The cause was pulmonary fibrosis, his son James said.

Miracle-Gro, which produced the world’s biggest cabbage, cantaloupe and dahlia, soon became as familiar a sight in the American backyard as the station wagon in the carport. The gardening business is now estimated to exceed $35 billion in annual sales, and Miracle-Gro’s share of the home fertilizer market is estimated to be about 85 percent.

Mr. Hagedorn orchestrated the growth of his product like the marketing genius he was. He hired a Norman Rockwell colleague to paint homey advertisements, and the actor James Whitmore, whose gnarled face suggested a trustworthy farmer, for television commercials. The $100,000 prize he offered for a tomato of world record size was conditional on the use of a certain plant food.

The green-and-yellow package he commissioned became so famous that other companies, including AT&T and Hyundai, used it in ads for their products. Mr. Hagedorn charged them nothing as long as they spelled Miracle-Gro correctly.

“He was a huckster,” his son James said with cheerful affection, “one of these, like, carnival salesmen.”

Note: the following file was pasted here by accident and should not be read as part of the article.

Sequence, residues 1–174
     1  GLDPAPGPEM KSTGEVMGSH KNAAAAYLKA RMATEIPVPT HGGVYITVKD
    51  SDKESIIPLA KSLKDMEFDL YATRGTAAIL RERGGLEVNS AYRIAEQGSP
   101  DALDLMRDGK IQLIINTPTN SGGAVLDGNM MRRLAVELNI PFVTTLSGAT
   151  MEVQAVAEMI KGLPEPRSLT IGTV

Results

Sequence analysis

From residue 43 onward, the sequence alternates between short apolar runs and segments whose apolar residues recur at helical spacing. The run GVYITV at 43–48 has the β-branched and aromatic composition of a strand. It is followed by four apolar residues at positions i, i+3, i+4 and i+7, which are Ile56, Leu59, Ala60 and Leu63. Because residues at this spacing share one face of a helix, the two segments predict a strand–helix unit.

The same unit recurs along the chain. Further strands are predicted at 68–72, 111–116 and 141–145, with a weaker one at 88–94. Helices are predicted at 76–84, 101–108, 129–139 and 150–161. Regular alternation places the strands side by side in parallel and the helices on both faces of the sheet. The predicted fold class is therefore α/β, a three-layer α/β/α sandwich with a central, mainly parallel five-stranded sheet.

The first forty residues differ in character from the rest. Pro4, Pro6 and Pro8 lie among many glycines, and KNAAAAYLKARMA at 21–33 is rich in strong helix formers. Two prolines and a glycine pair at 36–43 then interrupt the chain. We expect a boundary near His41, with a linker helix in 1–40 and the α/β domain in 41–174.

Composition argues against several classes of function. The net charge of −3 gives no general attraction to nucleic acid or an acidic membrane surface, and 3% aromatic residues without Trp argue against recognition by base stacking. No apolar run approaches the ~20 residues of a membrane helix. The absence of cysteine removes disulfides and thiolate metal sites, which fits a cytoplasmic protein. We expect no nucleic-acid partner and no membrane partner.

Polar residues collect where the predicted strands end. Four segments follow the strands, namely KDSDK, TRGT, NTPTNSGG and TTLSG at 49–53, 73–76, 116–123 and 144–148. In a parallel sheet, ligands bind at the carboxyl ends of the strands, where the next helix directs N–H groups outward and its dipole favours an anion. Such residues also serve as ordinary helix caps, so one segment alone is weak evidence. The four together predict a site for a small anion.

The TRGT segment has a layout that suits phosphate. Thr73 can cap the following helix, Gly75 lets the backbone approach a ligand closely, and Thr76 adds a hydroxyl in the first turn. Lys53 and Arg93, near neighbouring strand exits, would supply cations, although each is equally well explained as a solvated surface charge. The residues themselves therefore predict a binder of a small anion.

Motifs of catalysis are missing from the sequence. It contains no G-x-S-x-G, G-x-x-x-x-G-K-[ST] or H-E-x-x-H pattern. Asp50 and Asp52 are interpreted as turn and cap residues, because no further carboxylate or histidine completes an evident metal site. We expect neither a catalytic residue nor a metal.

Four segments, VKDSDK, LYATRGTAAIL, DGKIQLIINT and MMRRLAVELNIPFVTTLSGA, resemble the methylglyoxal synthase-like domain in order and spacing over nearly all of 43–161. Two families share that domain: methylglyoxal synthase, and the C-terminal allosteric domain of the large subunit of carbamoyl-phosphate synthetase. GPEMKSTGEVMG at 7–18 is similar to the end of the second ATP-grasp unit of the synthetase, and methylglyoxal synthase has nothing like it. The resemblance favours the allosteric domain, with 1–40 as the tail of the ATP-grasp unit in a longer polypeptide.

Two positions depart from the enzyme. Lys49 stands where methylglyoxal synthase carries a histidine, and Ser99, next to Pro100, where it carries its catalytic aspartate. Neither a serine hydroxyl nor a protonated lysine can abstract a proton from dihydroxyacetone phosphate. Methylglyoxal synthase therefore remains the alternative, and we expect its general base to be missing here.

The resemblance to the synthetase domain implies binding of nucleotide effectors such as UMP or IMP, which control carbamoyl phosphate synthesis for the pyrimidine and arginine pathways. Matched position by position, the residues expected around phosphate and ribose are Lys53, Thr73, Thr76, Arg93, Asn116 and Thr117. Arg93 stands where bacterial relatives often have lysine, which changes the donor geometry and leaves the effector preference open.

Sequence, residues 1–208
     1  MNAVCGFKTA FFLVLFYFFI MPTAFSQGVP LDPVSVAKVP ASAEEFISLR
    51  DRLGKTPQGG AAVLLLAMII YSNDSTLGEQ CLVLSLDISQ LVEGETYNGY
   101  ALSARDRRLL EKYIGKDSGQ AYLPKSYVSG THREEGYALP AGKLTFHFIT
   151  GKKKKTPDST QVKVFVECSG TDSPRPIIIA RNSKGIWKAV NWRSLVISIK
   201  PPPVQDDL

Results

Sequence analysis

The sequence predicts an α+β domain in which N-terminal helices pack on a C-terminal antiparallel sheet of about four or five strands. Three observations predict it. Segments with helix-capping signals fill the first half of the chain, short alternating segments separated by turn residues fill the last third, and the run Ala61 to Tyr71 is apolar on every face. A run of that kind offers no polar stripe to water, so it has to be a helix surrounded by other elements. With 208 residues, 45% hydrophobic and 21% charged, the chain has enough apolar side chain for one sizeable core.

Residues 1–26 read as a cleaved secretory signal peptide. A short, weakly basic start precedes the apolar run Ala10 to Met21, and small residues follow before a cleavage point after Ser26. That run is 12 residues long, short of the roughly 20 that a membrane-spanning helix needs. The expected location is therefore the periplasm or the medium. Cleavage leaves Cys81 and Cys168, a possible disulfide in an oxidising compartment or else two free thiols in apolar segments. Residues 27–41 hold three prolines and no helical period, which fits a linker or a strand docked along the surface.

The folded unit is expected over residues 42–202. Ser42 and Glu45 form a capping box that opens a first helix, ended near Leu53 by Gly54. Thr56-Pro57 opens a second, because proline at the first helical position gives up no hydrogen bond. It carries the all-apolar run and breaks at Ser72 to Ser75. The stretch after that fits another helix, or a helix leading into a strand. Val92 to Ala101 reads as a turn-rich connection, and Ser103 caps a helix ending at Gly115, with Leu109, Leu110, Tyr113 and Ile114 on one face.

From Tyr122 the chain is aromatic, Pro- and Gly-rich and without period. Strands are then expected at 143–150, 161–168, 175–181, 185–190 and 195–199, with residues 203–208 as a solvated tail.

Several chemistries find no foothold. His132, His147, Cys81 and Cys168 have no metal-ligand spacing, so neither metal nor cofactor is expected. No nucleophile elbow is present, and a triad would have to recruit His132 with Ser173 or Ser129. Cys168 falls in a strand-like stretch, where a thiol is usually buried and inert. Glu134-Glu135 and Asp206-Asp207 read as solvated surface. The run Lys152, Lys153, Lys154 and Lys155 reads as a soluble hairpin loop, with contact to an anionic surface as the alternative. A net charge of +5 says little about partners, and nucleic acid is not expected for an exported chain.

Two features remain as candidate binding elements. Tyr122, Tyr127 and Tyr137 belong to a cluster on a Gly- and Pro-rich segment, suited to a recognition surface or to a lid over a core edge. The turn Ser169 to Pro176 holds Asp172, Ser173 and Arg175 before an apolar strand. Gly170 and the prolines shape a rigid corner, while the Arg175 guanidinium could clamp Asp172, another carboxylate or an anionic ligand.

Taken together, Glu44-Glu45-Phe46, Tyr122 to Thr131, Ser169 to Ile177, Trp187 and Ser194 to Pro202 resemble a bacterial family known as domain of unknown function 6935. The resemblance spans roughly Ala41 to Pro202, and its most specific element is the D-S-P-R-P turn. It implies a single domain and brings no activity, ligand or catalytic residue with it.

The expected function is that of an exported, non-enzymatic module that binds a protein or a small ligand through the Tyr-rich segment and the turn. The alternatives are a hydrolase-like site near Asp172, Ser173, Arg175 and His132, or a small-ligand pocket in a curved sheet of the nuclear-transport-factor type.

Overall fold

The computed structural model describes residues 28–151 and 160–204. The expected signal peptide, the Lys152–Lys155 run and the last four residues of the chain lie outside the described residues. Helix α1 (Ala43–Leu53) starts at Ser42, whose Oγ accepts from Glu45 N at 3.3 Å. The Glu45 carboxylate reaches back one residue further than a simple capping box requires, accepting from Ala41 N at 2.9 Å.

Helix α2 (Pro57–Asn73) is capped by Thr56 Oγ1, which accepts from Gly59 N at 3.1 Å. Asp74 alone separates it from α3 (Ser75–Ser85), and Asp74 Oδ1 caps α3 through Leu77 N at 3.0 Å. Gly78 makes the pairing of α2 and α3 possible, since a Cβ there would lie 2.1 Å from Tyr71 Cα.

James said that his father was also a sophisticated, hard-driving businessman. When the Scotts Company, the huge garden products concern, merged with Miracle-Gro in 1995, most news reports said Scotts was absorbing the smaller plant food company. A year later, Horace Hagedorn told The Wall Street Journal that he had actually acquired Scotts by insisting on an all-stock transaction.

The deal left the Hagedorns the largest shareholders, with 42 percent of the company and 3 of 11 board seats. Horace was vice chairman and James was president. (James is now also chairman and chief executive.)

“The truth of the matter is, Scotts didn’t buy Miracle-Gro,” Horace said. “The truth of the matter is, we bought Scotts.”

Tadd C. Seitz, the interim chief executive of Scotts at the time of The Journal article, grudgingly acknowledged that the deal was far from a swallowing of Miracle-Gro. “More than perhaps people perceived in the beginning,” he said.

Mr. Hagedorn, a multimillionaire, drove a Gremlin for many years, and said he owned three suits and two pairs of shoes. He gave tens of millions to children’s charities, and got special attention when he supported the education of 50 poor Brooklyn schoolchildren, with the goal of sending them to college. About 85 percent are going to college, and Mr. Hagedorn recently offered a sixth-grade class in Columbus, Ohio, the same deal.